Suppose, you are on a stroll and you bump into a grey-haired man, you just cant miss, and instantly, you exclaim 'hello, Mr. Clinton…', Your day// is made, no doubt, but have you considered the brain behind the ability of instant facial recognition ? Neurobiologists have long been intrigued by this fact, and some of them even assume that brains accord a special treatment to faces!
Research into this topic also suggested that there may even be particular neurons acclimatized to the identity of one particular person. The theory also supposes that these neurons lie in the "fusiform face area," which is triggered into action when there is a facial encounter.
However, the most recent research ,in the April 6, 2006 issue of Neuron, Maximilian Riesenhuber of Georgetown University Medical Center and his colleagues (Jiang et al.) have discovered evidence for a theory that the FFA, instead, contains tightly integrated circuitry that recognizes faces based on selective processing of shapes of facial features.
In their studies, the researchers first constructed a computational model that represented how their hypothesized neuronal circuitry would work. This model aimed at predicting how the circuitry could give rise to the perception of faces. Such perception includes the shape of specific features--eyes, noses, and mouths--as well as the "configuration" of those features--their position on the face.
The researchers found that their model captured such aspects of face perception, even though the circuitry in their model had not explicitly coded them. To demonstrate that their model could also account for how other neuronal circuitry could be similarly tuned to other objects, they also tested how it might behave when it encountered images of cars. They found that model worked just as well to produce the same recognition characteristics as in faces.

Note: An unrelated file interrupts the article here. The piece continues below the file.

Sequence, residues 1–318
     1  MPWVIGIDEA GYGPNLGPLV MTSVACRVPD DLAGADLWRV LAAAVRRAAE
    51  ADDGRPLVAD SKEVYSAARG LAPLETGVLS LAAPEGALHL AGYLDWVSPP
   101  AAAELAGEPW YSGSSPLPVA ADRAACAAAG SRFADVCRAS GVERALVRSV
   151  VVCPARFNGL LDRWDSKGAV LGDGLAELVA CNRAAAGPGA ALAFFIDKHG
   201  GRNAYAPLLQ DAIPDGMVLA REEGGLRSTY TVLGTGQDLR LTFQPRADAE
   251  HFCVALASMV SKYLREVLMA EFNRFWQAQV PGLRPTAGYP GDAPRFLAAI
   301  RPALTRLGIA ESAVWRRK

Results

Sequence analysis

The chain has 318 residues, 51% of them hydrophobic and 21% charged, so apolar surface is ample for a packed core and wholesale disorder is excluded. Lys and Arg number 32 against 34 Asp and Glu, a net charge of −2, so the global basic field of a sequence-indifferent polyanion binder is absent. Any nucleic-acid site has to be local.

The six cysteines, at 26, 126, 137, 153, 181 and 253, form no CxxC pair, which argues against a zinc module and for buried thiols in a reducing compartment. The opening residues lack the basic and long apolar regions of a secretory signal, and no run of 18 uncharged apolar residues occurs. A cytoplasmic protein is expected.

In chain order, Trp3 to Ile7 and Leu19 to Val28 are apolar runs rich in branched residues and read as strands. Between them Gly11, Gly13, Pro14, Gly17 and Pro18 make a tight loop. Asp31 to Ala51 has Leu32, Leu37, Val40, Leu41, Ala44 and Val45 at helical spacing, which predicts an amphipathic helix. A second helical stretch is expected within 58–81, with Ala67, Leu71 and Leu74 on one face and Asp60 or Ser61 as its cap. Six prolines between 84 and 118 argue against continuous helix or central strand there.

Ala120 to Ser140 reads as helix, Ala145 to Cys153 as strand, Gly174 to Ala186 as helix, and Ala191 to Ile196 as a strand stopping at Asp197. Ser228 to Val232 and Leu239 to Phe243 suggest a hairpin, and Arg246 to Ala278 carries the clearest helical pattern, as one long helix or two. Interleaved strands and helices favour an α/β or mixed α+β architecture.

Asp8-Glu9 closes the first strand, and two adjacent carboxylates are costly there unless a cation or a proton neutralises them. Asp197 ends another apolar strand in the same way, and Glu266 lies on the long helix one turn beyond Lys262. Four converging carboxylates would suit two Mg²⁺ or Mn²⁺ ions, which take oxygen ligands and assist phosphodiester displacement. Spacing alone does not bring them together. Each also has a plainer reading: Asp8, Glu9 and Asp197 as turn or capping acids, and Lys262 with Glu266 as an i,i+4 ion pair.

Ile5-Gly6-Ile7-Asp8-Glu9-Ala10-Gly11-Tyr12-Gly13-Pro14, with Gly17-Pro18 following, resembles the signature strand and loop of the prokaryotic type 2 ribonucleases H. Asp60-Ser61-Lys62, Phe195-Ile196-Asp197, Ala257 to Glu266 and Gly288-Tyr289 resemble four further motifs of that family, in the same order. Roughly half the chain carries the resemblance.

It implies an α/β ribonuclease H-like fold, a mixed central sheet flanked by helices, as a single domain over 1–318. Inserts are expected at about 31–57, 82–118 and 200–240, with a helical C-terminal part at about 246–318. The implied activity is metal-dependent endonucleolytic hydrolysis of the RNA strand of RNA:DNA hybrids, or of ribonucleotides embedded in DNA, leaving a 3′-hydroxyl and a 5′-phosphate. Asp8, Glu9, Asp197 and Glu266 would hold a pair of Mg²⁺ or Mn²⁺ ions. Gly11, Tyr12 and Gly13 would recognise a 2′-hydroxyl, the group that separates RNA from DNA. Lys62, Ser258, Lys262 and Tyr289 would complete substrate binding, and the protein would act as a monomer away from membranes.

Riesenhuber and his colleagues tested their "shape-based" model experime
ntally by exposing volunteers to images of faces that could be precisely "morphed" with a computer program to subtly alter the facial features. And at the same time, the subjects' brains were scanned by using functional magnetic resonance imaging (fMRI) to detect patterns of activity in the FFA. The technique of fMRI involves using harmless magnetic fields and radio waves to measure blood flow in brain regions, which reflects their activity. The researchers found that the results from the fMRI studies agreed with those of the computational model.
The researchers concluded that "we have shown that a computational implementation of a physiologically plausible neural model of face processing can quantitatively account for key data, leading to the prediction that human face discrimination is based on a sparse population code of sharply tuned face neurons.
"In particular, we have shown that a shape-based model can account for the face inversion effect, can produce 'configural' effects without explicit configural coding, and can quantitatively account for the experimental data. The model thus constitutes a computational counterexample to theories that posit that human face discrimination necessarily relies on face-specific processes."
In a preview of the paper in the same issue of Neuron, Tzvi Ganel wrote that Riesenhuber and colleagues "provide a compelling array of evidence supporting the idea that the processing of faces and objects do not rely on qualitatively different mechanisms. In a series of experiments, Jiang et al. present and integrate findings from neural modeling, behavior, and fMRI, showing that face classification, similarly to object classification, can be achieved by a simple-to-complex architecture based on hierarchical shape detectors.
"Jiang et al.'s modeling and behavioral findings have strong implications for understanding how faces and objects are processed in the human brain," wrote Ganel.
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